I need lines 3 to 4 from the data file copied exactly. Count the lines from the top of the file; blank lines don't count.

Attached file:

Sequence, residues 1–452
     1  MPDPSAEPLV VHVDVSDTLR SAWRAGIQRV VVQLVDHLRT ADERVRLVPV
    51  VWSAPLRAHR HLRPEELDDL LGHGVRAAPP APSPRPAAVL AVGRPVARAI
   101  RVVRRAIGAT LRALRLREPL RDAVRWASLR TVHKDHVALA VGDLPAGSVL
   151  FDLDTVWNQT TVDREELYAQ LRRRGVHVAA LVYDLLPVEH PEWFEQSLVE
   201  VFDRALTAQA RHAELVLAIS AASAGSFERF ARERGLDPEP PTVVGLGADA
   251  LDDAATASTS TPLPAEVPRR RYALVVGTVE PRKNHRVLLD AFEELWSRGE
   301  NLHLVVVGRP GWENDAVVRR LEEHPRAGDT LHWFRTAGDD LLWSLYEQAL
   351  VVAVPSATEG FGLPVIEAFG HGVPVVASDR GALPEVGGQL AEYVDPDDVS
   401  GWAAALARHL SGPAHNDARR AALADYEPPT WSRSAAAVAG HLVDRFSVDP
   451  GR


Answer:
    51  VWSAPLRAHR HLRPEELDDL LGHGVRAAPP APSPRPAAVL AVGRPVARAI
   101  RVVRRAIGAT LRALRLREPL RDAVRWASLR TVHKDHVALA VGDLPAGSVL